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EPA releases report showing disproportionate impacts of climate change in the contiguous United States

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    EPA releases report showing disproportionate impacts of climate change in the contiguous United States

    On September 2, the U.S. Environmental Protection Agency (EPA) released a significant and detailed report on the impacts of climate change among different demographic groups in the contiguous United States. The report, titled Climate Change and Social Vulnerability in the United States: A Focus on Six Impact Sectors, examines the extent to which “socially vulnerable” populations within the United States are disproportionately subject to the most significant impacts of climate change. The report serves a critical role in guiding the federal response strategies to existing impacts of climate change in America’s unserved and underserved communities while informing environmental justice initiatives about the detriment of projected future impacts on these same communities.

    The impacts quantified in the EPA’s report include extreme temperatures, poor air quality, flooding threats to property, and disruptions to weather-exposed workers. Among many significant findings, the report found that Black and African American individuals are projected to face higher climate change impacts in all six impact sectors studied compared to all other demographic groups considered in the study. Additionally, Hispanics and Latinos are 43% more likely than any other demographic group to reside in locations projected to experience the highest labor reduction hours due to extreme temperatures.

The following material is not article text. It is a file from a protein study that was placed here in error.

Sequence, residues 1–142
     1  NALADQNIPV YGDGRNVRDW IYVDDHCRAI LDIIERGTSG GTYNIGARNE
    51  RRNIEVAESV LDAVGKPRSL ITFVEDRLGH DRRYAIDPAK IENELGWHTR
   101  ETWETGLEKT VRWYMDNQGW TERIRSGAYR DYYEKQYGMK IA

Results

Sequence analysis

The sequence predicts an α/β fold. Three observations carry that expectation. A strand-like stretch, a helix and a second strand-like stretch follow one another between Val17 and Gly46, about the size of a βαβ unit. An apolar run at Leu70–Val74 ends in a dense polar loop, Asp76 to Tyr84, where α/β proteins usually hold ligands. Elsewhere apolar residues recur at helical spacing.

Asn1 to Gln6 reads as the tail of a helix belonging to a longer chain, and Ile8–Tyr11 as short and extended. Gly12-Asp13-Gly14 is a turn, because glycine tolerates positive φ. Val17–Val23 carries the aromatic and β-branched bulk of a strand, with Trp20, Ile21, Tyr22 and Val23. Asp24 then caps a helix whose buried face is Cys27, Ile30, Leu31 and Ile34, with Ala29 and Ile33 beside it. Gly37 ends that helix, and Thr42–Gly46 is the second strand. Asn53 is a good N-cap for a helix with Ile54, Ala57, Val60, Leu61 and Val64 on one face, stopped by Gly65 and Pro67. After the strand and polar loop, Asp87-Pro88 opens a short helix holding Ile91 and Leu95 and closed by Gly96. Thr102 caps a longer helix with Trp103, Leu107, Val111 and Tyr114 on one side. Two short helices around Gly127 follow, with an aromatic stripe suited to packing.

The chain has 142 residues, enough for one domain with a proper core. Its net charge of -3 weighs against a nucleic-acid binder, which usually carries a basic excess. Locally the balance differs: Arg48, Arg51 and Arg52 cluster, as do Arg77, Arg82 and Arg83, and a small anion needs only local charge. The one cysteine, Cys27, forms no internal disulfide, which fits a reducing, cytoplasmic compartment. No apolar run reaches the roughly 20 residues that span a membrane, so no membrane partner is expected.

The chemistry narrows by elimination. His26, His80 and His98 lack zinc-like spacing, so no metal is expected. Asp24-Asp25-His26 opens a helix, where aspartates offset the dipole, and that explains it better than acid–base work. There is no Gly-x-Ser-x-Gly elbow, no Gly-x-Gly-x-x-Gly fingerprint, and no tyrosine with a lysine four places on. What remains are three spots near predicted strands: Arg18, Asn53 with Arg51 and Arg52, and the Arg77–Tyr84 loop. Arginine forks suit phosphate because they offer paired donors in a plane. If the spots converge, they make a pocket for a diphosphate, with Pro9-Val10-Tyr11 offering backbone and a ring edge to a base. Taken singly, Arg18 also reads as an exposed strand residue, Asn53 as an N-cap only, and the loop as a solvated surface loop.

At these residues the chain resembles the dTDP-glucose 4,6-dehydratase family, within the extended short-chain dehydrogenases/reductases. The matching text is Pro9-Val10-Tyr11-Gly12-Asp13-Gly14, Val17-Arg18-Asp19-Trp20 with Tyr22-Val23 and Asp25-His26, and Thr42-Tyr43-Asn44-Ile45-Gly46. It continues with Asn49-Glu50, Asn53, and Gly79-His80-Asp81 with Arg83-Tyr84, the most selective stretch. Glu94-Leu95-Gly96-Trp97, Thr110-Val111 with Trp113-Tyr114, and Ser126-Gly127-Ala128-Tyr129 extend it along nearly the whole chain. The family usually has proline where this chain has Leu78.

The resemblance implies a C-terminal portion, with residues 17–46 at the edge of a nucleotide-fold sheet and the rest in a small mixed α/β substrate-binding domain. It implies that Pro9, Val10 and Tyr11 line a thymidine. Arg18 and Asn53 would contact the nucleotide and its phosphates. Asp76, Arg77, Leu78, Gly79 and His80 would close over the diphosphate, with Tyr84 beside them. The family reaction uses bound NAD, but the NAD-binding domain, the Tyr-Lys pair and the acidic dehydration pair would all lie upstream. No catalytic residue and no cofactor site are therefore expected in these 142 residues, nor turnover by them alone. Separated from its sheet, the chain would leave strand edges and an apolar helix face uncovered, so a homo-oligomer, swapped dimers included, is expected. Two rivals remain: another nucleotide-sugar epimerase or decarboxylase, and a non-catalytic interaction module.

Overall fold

The Biden administration is working to streamline environmental justice initiatives and effectively mitigate the disproportionate impacts climate change has and is projected to have on America’s most socially vulnerable populations.

    Counties continue to support the fair treatment and meaningful involvement of all people regardless of race, color, national origin, or income during the development, implementation and enforcement of environmental laws, regulations and policies. During implementing these policies, the public should enjoy the same degree of protection from environmental and health hazards and equal access to the decision-making process to maintain a healthy environment in which they live, learn, and work. Counties are uniquely positioned to serve as stewards for environmental justice and equity through the implementation of best practice policies that not only combat climate change at large, but ensure vulnerable populations are not subject to disproportionate harm. NACo supports federal research funding to scientifically evaluate cumulative environmental and health risks to all people, regardless of race or economic status, who live close to facilities that emit pollutants and provide the results to local elected officials.

    On September 2, the U.S. Environmental Protection Agency (EPA) released a significant and detailed report on the impacts of climate change among different demographic groups in the contiguous United States.
    2021-09-07
    Blog
    2021-09-07